Thanks to James Cameron's 3D movie extravaganza, few can forget that the Titanic tragically collided with an iceberg 100 years ago on April 15, 1912. And it was possibly no surprise when reports surfaced that Bob Dylan would release a 14-minute track inspired by the Titanic on his forthcoming album entitled, Tempest, set for release in September of this year. With a high-budget movie over three hours long and a rambling ode written by a music legend, it is apparent that this shipwreck continues to inspire long-winded tributes. However, appropriating this historic catastrophe for yet another artistic vision of grandeur could set us all up for disappointment.
Only one man -- the comedian, Tim Heidecker -- was brave enough to ask the tough question: "Oh Titanic, how could you let us down?" This query is the chorus of Heidecker's own musical interpretation of the Titanic's sinking, sung in the storytelling style of Bob Dylan. Clocking in at an impish 15 minutes (one minute longer than Dylan's), Heidecker's "Titanic" set sail on July 24th in a brazen attempt to "beat the Master to it."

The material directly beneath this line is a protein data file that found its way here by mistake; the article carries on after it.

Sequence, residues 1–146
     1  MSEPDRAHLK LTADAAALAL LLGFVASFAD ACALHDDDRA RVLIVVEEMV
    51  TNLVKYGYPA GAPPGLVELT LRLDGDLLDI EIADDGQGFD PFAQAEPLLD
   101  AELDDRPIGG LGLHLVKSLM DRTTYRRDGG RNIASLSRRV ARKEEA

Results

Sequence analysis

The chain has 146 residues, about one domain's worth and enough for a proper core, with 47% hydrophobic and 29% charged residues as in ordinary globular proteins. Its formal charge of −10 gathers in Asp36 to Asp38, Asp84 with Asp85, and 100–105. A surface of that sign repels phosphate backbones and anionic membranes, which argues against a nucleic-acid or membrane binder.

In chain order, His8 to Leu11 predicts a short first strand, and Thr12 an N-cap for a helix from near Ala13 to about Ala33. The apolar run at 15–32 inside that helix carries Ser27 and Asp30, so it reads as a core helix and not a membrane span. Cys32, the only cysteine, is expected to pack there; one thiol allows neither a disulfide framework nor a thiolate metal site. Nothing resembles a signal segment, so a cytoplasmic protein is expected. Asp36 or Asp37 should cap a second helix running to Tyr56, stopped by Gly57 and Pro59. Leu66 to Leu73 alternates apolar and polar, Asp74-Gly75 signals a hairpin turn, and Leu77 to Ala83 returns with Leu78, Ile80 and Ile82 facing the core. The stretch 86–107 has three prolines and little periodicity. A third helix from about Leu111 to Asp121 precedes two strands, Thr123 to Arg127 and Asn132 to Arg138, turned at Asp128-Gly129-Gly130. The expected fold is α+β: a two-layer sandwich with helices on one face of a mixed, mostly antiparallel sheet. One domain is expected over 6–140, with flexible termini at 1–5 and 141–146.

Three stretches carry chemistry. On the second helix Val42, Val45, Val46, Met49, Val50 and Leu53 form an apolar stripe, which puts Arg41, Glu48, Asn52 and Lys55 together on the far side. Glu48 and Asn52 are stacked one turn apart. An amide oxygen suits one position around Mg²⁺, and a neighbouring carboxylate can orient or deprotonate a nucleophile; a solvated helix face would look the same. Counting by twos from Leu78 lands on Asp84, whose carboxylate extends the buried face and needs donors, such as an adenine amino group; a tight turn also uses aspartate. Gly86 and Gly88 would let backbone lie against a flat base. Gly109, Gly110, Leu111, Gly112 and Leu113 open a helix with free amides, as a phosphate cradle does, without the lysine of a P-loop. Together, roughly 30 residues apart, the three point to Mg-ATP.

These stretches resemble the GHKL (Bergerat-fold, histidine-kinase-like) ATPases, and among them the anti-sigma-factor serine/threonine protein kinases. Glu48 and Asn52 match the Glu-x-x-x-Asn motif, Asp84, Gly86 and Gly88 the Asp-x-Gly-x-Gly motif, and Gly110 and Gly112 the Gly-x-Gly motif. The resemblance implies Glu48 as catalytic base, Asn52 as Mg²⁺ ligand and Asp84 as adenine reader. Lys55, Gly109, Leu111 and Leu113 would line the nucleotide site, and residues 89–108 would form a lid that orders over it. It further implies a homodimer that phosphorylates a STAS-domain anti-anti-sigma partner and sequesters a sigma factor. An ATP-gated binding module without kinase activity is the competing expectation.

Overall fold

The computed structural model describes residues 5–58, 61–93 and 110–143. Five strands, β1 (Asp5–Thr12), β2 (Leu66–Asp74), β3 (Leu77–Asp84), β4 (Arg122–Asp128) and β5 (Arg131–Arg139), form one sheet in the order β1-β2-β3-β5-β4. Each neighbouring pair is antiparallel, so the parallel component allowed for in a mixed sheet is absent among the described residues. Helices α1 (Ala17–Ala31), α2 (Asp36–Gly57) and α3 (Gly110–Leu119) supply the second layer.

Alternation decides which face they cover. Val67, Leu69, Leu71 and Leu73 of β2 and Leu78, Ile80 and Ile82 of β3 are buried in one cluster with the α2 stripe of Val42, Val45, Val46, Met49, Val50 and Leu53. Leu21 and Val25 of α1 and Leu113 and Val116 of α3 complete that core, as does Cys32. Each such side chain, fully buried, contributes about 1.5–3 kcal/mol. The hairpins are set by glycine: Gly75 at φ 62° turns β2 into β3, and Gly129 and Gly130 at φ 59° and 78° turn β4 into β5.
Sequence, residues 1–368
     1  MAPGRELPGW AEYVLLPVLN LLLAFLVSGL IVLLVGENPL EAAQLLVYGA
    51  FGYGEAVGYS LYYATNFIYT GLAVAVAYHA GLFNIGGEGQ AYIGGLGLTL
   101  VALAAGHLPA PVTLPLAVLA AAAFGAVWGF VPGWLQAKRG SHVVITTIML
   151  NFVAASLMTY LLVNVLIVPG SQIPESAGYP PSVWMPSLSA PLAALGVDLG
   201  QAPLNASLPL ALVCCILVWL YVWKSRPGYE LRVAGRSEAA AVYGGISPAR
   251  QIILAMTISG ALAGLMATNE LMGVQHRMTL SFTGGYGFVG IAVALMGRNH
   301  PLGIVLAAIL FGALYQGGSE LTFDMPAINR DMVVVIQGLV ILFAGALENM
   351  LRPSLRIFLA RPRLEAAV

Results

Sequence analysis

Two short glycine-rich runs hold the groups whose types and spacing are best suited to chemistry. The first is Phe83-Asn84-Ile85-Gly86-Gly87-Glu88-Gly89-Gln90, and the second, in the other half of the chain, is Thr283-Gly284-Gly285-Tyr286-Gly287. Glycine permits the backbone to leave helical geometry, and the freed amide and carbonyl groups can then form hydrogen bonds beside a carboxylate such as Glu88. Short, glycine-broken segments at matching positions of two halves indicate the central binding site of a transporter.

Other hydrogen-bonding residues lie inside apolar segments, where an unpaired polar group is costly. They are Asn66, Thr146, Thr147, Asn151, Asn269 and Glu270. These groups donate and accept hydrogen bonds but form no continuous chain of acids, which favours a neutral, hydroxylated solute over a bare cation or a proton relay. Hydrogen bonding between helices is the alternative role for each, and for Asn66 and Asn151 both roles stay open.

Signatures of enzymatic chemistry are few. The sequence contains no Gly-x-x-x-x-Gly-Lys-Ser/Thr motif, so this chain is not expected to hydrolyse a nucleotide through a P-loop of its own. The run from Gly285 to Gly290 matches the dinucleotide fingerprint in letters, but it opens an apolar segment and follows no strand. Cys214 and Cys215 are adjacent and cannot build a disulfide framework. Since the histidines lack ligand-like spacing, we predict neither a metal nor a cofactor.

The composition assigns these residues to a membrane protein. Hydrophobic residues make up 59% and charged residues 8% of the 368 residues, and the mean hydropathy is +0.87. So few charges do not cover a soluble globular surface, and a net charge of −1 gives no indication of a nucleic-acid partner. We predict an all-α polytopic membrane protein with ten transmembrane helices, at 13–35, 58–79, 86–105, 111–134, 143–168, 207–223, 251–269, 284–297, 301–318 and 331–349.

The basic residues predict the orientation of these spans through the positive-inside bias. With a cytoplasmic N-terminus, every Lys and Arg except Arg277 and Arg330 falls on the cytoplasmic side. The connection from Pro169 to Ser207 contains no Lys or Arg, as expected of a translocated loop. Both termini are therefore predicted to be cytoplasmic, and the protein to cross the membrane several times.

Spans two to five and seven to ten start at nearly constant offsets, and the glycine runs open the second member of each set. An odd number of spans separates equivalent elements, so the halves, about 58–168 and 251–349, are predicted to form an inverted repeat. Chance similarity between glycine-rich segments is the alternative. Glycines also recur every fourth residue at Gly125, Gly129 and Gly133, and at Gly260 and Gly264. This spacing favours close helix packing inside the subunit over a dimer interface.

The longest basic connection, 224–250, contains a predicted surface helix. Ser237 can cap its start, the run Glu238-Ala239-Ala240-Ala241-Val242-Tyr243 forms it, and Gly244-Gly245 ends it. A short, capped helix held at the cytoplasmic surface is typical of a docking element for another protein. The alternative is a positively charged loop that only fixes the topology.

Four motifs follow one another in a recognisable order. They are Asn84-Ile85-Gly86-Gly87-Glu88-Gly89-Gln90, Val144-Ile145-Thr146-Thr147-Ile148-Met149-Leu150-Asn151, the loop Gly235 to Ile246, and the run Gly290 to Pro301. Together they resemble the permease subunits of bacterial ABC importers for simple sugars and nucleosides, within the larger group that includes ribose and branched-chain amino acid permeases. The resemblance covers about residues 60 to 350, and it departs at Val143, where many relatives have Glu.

The song details the Titanic's overblown history from port to present day ruins and Hollywood resurrection. On his Tumblr page, Heidecker states he "can't wait to see how close [he] got to the real thing." There's no way of knowing until September 11th, but in the meantime Heidecker's 99 cent parody is a welcome resuscitation of the rebellious edge that Dylan first became known for 50 years ago with the release of his 1962 debut album.
Hopefully, Dylan appreciates the homage -- however, at some point we are going to have to leave the Titanic at peace in its watery grave.